EspañolThe title of Gustavo Perednik’s 2009 novelistic narration of the AMIA investigation, To Kill Without a Trace, was almost prescient. The Argentinean-born Israeli author was a close friend of prosecutor Alberto Nisman, who died one month ago with a gunshot to the head in his apartment in Buenos Aires.
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The official investigation has since mixed with political machinations, and rumors have swirled, but Perednik is beyond certain that his friend was murdered.
The writer and philosopher spoke with the PanAm Post about his views on the case, and what his friend would say if he were still alive.
Many Argentineans haven’t believed the suicide hypothesis from the start. Why do you think this is?
No one believed in the suggestion of suicide, not even those who spread the rumor. They did it to sow general confusion, and they were successful to a degree. But afterwards, when they began to change their story about what happened, this success slipped out of their hands. They didn’t manage to confuse people.
It wasn’t a suicide — obviously, one needs police and ballistic evidence to prove it. But for a cheerful man at the peak of his career, who loved his daughters, who loved sport and life, and was on the point of seeing the fruition of decades of intense work, and was just about to present his investigation and incriminate people very close to power, to abruptly and inexplicably shoot himself? No one believes that. The president began to spread this rumor because obviously they handed over to her all of the evidence that Nisman had gathered.
Within 15 seconds, the president of a country is telling us that it was a suicide, that it was an induced suicide, and then that it was a murder, and even tells us who the murderers were.
Later she switched to saying it was an induced suicide, which is again different to a murder, but people didn’t buy this either. She ended up saying that, sure, it was a murder, but she took advantage of the new version to present herself as a victim.
She said that in reality it was a murder, but he was killed by several intelligence service agents who wanted to take revenge on her, because she’d fired them a short time ago. It’s an absurd claim that has embarrassed the majority of people.
She’s come to a conclusion that could be reached after a police investigation of perhaps a year and a half. But within 15 seconds, the president of a country is telling us that it was a suicide, that it was an induced suicide, and then that it was a murder, and even tells us who the murderers were. All this has only increased Argentineans’ suspicions that the highest levels of power are involved in the murder. This is what has shocked Argentinean society so strongly.
And what about the 12 hours between Nisman’s death and the discovery of his body?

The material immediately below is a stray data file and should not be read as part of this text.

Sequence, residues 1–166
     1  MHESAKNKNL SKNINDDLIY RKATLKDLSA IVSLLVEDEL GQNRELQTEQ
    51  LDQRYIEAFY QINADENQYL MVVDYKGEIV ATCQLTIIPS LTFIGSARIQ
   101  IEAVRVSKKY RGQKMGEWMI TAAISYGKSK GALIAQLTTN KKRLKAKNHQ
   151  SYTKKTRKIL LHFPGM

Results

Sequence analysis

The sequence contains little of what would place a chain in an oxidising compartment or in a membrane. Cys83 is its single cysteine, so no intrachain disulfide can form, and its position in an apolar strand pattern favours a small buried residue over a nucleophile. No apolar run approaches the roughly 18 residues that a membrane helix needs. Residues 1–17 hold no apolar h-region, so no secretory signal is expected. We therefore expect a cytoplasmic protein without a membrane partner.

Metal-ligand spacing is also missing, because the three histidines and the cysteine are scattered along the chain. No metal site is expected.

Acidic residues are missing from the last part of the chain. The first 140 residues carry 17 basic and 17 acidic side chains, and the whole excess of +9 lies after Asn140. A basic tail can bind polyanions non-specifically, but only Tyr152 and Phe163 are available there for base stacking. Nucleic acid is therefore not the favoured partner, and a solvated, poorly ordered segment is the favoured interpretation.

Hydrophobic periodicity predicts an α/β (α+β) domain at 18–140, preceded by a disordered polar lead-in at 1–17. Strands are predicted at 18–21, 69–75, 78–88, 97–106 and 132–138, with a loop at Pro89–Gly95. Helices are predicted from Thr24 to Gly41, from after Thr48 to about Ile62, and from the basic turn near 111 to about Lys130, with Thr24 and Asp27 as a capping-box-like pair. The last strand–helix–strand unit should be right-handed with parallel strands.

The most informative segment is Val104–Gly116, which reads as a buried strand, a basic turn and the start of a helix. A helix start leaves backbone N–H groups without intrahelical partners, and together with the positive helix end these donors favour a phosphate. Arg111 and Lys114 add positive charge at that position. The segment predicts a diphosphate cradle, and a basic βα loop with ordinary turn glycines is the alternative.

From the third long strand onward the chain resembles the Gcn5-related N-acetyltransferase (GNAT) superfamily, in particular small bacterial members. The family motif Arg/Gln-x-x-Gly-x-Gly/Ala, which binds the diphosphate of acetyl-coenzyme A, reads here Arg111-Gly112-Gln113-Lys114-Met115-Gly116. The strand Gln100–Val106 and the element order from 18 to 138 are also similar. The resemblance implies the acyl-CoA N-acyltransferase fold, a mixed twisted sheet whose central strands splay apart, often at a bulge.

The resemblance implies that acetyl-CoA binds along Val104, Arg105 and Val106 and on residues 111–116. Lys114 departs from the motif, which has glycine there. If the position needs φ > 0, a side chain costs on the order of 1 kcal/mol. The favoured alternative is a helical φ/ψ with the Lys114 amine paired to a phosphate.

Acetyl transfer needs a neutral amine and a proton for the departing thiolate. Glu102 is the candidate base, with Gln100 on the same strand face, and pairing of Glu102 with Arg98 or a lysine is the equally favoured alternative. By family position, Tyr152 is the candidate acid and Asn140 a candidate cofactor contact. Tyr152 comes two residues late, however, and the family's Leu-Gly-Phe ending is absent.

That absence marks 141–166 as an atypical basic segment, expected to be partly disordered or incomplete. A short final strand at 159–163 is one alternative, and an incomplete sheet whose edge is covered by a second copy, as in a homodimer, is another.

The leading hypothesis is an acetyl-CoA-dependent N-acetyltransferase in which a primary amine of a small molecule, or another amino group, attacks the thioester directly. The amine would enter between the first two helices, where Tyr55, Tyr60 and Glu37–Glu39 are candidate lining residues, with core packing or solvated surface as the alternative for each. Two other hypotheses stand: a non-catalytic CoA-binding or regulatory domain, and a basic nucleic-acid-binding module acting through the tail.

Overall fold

Along with what you’re referring to, there are many details that lack any explanation. For example, who was filming in such detail when Nisman went to the airport [to leave for Europe]? It wasn’t CCTV footage from the airport, but there was someone that was following him permanently. Argentinean government bodies had access to this material immediately.
This points to the suspicions that I’ve been telling you about. But I don’t want to get into them, because they’re really to do with the policing part of the story, which is of no less importance, but it isn’t mine.
Nisman had in his hands a case which was going to shake Argentinean democracy to its very core.
Was leading the special prosecution unit on the AMIA case tough on Nisman? Did he feel any extra pressure?
Nisman would bring the proof of how he mas murdered, and he’d immediately indict those responsible.
This was the mission of his life. He came to it almost by chance and it transformed his live. A man fully dedicated, with a profound conviction in justice, to reach the truth through legal means. He was a believer that you could beat terrorism and corruption through the way of the law, an almost idealistic conviction.
I’m not sure that I’d call it a weight. I think he felt it more as a privilege, a mission for his life.
Why didn’t Nisman present the call for the arrest of the president that was found after his death?
That’s very clear: because they killed him. He was going to present all of this, and they killed him before he could. In the last meeting I had with him, a little over a month ago in Buenos Aires, the phrase that stood out was “Gustavo, believe me, I’m going to take them prisoner or they’ll have to leave the country.” And “them” was the president of the nation and the foreign minister [Héctor Timerman].
Are you optimistic about the new charges against Cristina Kirchner?
I was completely pessimistic upon hearing about the murder of Alberto Nisman. I felt it as a loss from every point of view. But now with the prosecutor [Gerardo Pollicita] taking up the charges again, and saying that there’s enough evidence to accuse the president, the foreign minister, and the chief of [militant Kirchnerist group] La Cámpora, a new hope that justice might be done is beginning to surface.
What do you think Nisman would say about everything that’s happened?
That’s a very difficult question. What I can tell you is that his style wasn’t to offer opinions, but to present evidence. He always told me, “Look, I’ll leave philosophizing to you. I’m no philosopher: I deal with proof.”
So what he’d bring here would be the proof of how he mas murdered, and he’d immediately indict those responsible.